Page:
The Drug War in Guatemala
President Otto Molina
Guatemala's Solution to the Drug War
Guatemala is one of the poorest counties in the world. It is a country that is known and studied for having absolute poverty, a term that cannot be used in America. According to Dr. Gordon, a Professor of Social Justice at Bristol University, absolute poverty is "a condition characterized by severe deprivation of basic human needs, including food, safe drinking water, sanitation facilities, health, shelter, education and information”. (p. 3). It is estimated that 13% of their population live in extreme poverty and more than 50% live below the national poverty line. Our country, the United States, is fortunate in that it has services available so that these conditions do not exist to the extent of absolute poverty, and services are available to feed and help the citizens that earn below the national poverty level. Poverty issues are an important fact in the drug war, in that Guatemala does not have the resources to fight the trafficking of drugs being routed through its boundaries.
Guatemala has had decades of corrupt government. On a personal interview I had with a local store owner in 2008, he relayed an interesting story about corruption in his country. He was approached by a gang requesting monthly payments to ‘protect’ his business from robberies. He immediately called local law officials, and the police told him they would stop the blackmail and make sure his business was safe …for a monthly fee. It is estimated that 60% of the country is controlled by the drug cartels, and this corruption stems out to the local areas through smaller gangs and the local police and politicians. Guatemala is fighting this corruption and the corruption of other official law enforcing agencies with very little aid from the United States, although it is estimated that 75% of the cocaine sent to the United States passes through Guatemala.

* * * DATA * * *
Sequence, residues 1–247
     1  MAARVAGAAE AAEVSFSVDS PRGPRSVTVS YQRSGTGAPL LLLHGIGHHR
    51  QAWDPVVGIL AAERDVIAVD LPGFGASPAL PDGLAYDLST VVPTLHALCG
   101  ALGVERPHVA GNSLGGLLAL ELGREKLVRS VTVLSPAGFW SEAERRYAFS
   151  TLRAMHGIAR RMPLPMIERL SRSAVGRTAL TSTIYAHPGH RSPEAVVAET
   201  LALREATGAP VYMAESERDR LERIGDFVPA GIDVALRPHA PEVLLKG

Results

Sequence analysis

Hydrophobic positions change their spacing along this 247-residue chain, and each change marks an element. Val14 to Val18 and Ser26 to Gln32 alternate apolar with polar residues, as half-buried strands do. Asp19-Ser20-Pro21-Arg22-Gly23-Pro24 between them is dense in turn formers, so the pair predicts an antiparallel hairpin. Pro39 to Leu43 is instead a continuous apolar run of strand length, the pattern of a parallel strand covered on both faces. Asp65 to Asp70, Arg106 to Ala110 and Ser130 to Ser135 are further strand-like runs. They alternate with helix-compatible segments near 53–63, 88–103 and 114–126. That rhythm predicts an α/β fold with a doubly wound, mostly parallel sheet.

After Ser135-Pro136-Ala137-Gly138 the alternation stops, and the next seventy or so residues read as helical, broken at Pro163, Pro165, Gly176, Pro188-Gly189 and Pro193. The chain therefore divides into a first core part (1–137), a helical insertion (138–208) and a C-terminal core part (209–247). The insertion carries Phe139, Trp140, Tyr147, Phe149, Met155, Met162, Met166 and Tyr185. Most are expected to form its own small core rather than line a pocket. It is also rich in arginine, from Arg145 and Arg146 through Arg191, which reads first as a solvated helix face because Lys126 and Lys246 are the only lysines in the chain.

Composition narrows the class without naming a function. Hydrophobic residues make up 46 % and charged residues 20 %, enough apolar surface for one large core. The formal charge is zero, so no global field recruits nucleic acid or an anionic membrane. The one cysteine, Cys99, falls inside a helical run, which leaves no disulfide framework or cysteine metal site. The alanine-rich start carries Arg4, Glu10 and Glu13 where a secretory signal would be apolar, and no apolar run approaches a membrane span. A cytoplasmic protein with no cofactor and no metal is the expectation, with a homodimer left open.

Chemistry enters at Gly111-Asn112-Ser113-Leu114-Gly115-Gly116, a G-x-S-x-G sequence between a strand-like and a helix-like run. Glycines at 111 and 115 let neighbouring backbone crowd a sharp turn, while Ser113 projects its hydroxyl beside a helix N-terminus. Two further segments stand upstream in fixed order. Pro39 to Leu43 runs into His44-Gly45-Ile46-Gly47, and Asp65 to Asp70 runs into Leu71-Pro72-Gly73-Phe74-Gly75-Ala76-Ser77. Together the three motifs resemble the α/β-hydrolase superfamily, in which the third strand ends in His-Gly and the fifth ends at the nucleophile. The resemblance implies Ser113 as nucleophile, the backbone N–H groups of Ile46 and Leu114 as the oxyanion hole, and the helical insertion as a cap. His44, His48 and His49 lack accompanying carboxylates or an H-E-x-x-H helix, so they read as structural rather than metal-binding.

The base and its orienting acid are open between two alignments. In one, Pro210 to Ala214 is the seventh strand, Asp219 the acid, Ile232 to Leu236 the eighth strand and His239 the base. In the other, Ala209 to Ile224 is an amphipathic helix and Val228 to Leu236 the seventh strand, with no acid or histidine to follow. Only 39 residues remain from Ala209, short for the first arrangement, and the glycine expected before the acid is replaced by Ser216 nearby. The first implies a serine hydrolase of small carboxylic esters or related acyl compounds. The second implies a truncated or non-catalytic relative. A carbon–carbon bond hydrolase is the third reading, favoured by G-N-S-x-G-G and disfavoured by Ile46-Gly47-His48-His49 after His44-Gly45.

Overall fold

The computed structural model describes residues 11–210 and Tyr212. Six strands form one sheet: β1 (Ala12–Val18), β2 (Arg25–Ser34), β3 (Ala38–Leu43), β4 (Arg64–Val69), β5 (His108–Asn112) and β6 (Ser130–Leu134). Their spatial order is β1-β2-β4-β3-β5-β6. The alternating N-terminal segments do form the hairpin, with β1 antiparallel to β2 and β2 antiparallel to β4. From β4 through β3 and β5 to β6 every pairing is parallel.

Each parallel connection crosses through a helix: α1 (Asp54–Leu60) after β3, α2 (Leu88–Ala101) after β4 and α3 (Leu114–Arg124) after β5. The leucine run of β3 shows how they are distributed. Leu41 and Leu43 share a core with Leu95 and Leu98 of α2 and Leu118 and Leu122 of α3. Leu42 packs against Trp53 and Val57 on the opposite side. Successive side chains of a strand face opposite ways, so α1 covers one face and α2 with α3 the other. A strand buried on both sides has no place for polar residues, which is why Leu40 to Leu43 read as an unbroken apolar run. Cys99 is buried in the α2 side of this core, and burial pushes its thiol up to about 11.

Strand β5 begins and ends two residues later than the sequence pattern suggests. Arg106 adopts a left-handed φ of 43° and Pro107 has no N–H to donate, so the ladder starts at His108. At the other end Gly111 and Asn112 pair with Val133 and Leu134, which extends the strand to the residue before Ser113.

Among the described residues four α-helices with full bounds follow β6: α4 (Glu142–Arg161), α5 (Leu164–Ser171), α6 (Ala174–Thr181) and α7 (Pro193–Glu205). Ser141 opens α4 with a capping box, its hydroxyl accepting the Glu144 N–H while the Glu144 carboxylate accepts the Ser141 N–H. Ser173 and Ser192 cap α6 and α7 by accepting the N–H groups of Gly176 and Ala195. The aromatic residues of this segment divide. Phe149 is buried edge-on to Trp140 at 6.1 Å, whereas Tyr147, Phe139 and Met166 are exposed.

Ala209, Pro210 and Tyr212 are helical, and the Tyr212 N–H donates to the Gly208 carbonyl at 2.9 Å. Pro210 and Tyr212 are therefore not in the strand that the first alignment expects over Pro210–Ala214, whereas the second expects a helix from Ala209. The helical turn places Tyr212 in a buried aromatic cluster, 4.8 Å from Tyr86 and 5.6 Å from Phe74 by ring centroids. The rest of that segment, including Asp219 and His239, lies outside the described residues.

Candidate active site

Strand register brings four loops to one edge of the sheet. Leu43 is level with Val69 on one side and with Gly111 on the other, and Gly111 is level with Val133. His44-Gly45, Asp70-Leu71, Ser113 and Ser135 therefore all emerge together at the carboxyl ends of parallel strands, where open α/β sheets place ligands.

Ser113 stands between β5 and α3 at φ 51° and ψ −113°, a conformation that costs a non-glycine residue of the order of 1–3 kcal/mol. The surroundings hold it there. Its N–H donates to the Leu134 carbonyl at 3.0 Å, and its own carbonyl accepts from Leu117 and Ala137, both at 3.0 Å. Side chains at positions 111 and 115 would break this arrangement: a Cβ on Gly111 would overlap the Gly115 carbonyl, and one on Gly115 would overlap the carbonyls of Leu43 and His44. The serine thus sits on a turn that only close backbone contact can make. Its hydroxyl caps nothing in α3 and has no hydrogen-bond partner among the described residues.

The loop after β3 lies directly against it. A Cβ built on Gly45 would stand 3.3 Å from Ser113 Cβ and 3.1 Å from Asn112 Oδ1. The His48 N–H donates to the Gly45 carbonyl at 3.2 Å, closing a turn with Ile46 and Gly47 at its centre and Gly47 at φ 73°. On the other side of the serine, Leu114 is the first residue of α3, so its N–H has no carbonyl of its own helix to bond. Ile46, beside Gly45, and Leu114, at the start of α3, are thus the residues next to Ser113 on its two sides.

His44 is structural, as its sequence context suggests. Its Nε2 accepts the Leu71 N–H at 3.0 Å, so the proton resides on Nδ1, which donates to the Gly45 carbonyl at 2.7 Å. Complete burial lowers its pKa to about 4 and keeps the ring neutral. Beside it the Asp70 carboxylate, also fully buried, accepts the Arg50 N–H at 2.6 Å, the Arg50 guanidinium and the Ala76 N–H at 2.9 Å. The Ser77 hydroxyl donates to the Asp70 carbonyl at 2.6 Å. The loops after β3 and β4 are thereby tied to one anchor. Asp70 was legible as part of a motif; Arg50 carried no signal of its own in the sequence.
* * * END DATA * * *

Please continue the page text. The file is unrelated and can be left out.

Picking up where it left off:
Guatemala has a very high homicide rate, higher than most countries at approximately 41 people per 100,000 per year. 40% of these homicides are blamed on drug trafficking. The newly appointed president, Otto Perez Molina has proposed legalizing drugs and drug trafficking in Guatemala in an effort to reduce crime in his country. When President Molina took office in January, his promise was to take an “iron fist” against crime in his country. President Molina considers the war on drugs a failure, and thinks that this legislation and legalization will control the drug cartels in as far as necessary to lessen the violence associated with drug trafficking. He also sees this as a way to impose taxes on this very lucrative business and help to alleviate the destitute poverty that exists among his people. His motto seems to be ‘if you can’t beat them, join them’. Honduras, Panama and Costa Rica’s leaders backed President Molina when it was addressed at the 6th Summit of The Americas in April. They applaud this bold alternative to fighting the drug war. Discussion did not go very far however, and the next summit isn’t until 2015.